Stuart Crofts sent me the following article regarding biosecurity for anglers, we should all take this issue very seriously.

Bio-Security for Anglers, Angling Clubs and Organisations – A way forward?

Background

For many years now numerous waters have suffered from the effects of signal crayfish, himalayan balsam and mink. These are just three, high profile, organisms that come under the banner of ‘invasive non-native species’. The term invasive is important, this means they can seriously damage and modify our ecosystems. It is also interesting to note that 96 freshwater species, not native to the UK, have been recorded in the River Thames catchment. Admittedly not all these are damagingly invasive but it does make it one of the most highly invaded freshwater systems in the world. The Millennium Ecosystem Assessment Report (2005) notes that ‘the introduction of invasive non-native species is one of the major causes of species extinction in freshwater ecosystems’.  The report also notes that control or eradication of invasive non-native species, once established, is extremely difficult and costly. Prevention and early intervention are far more successful and cost-effective.

Since 2005 we have had new invasive non-native species turn up in the UK. In 2010 we added the killer Shrimp – Dikerogammarus villosus to the list. This species was originally identified at Grafham Water, Cambridgeshire in September 2010 and subsequently at Cardiff Bay and Eglwys Nunydd in South Wales. In March 2012, a further population was found at Barton Broad, in the Norfolk Broads. Importantly here, note the phrase ‘originally identified at Grafham Water’. This does not mean where it first appeared in the UK, that place may still be awaiting discovery, and no doubt there are other populations yet to be found. In October 2012 another Dikerogammarus species was discovered, this one is Dikerogammarus haemobaphes. It was found on the River Severn at Tewkesbury, the Bevere near Worcester, and also in two Worcestershire canals. Although related to the killer shrimp Dikerogammarus villosus, it is not yet clear what the impact of this species will be. However, it is being treated as a high impact species while further assessment is taking place.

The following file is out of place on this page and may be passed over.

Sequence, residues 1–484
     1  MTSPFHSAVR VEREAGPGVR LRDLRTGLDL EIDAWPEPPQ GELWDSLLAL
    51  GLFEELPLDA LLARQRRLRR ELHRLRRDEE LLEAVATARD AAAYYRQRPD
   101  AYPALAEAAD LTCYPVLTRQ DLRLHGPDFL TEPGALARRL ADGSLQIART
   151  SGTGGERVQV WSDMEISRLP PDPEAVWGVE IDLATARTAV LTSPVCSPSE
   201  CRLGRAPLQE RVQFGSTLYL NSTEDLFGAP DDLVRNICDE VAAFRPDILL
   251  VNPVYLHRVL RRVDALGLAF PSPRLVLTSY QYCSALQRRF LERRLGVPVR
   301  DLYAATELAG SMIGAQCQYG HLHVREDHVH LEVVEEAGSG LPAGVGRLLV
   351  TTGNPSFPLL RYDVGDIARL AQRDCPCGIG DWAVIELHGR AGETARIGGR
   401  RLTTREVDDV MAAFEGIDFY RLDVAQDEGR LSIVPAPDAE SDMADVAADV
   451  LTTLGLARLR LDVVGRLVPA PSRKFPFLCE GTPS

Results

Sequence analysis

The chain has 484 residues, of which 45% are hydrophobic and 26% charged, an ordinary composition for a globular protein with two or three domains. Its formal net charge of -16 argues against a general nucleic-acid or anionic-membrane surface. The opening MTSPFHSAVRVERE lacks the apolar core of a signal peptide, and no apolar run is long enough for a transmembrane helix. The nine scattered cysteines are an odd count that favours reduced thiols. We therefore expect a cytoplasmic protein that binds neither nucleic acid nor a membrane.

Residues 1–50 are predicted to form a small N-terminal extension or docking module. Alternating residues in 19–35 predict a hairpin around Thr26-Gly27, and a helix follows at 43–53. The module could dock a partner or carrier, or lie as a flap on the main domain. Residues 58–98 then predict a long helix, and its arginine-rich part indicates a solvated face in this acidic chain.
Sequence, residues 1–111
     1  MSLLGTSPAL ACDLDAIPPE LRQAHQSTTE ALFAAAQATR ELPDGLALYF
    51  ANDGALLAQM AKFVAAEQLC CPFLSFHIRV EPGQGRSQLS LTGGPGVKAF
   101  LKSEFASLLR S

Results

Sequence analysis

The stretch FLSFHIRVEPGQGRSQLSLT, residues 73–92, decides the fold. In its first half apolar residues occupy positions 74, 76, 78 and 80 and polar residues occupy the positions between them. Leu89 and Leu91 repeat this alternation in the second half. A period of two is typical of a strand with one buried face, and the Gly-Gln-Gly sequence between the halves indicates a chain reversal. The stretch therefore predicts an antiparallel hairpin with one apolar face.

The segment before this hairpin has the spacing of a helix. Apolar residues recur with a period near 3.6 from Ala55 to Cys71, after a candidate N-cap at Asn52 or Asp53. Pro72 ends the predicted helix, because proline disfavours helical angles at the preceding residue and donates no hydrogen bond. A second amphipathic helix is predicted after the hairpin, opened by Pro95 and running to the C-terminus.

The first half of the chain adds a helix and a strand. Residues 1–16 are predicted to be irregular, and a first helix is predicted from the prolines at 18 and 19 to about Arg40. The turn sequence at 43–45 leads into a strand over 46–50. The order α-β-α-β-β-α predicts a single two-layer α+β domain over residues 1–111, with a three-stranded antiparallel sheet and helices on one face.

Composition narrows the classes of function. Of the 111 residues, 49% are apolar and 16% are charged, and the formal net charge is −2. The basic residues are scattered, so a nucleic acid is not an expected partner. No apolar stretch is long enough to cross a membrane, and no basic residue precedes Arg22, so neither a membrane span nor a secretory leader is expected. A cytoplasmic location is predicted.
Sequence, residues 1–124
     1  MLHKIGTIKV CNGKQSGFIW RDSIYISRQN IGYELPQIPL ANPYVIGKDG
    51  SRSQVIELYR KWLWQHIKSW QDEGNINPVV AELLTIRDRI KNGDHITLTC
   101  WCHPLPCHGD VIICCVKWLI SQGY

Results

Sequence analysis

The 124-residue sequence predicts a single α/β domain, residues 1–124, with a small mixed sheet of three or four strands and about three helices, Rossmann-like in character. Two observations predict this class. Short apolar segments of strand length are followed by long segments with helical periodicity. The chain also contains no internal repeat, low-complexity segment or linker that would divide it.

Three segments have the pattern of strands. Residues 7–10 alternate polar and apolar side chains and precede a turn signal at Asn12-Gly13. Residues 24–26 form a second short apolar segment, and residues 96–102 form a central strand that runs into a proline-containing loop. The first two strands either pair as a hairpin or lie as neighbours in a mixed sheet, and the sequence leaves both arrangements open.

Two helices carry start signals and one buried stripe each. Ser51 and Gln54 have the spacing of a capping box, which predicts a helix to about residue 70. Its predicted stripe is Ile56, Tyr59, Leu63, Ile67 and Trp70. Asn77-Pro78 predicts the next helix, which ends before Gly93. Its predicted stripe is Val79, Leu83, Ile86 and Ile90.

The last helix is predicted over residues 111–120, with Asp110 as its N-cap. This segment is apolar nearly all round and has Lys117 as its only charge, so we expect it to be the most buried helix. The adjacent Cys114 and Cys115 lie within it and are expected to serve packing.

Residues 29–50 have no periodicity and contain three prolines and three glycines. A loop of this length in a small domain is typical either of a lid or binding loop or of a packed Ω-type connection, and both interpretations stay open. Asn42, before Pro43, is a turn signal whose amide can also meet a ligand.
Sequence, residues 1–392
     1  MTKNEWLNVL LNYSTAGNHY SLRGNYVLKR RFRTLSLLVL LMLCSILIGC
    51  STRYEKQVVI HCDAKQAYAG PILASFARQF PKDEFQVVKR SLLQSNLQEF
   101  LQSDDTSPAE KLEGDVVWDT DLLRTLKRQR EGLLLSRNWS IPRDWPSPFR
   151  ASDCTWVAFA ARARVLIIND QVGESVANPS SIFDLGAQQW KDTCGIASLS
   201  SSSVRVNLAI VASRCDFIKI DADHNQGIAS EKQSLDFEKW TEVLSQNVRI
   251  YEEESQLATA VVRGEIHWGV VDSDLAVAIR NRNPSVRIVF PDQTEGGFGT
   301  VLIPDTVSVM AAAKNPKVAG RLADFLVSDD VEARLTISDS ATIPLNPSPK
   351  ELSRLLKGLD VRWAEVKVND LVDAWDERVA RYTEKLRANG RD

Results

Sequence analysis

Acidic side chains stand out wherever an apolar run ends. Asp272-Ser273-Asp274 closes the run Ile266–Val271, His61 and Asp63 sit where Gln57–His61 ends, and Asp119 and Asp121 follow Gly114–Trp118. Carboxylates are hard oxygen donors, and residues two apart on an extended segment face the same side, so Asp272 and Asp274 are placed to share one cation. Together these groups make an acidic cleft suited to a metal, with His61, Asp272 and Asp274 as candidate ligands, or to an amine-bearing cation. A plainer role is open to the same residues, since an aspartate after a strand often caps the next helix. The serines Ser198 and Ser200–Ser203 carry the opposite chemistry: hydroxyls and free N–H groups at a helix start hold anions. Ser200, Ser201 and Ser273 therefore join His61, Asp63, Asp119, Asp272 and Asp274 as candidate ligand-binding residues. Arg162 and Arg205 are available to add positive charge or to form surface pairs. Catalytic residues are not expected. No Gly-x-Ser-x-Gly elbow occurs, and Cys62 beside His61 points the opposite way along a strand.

In response to the Dikerogammarus villosus discovery the “Stop the Spread” campaign was initiated and publicised, this was based on the concept of “clean, check and dry” your clothing and equipment before you leave a watercourse in an attempt to stop the spread of aquatic invasive non-native species. This was and still is a great idea but I feel it is now time to seriously step up our efforts to protect our wonderful, but incredibly fragile, aquatic ecosystems. And, at the very least there should be a serious debate on the way forward.

The Threats

The first thing that we need to recognise and acknowledge are the vectors by which aquatic invasive non-native species can be spread, there are obviously very many of these but they can be split into two distinct groups. In one group we simply have no control at all such as natural wildlife movement (birds or animals moving from water to water), the general public on public rights of way, via water craft in navigable areas or other water sports on private waters. Also in this group are illegal deliberate movements of plants and animals (as what often happens with signal crayfish) or as a result of illegal activities; poaching and unauthorised canoeing are just two examples.

One we do want

However, in a second group we do have some control measures within our powers and it is this group I want to discuss. I am thinking particularly here of fishing activities on private land and waters whereby everyone has to follow “rules”. Before we pursue this further let’s look at how an ‘angler’ can become a vector for the spread of invasive non-native species and other aquatic viruses and diseases. The most obvious is via waders, wading boots, wading sticks, bank sticks, wellingtons, nets, bass bags and boat drogues. I am sure the list goes on; nonetheless all this kit is what actually spends much of the time in the water whilst the angler is fishing.  Now the Stop the Spread guidelines should cover this but it relies TOTALLY on the good will and diligence of the anglers. Moreover, the guidelines are aimed at those leaving a watercourse, not someone arriving. In addition, the guidelines will not protect against anglers fishing with natural or semi natural bait (as opposed to artificial baits like spinners, plugs and artificial flies and lures) that could harbour all sorts of damaging organisms. Not forgetting these baits are not just used by anglers on their hooks, where “ground baiting” is allowed, masses can often be thrown into the water to encourage fish to feed.

Control Measures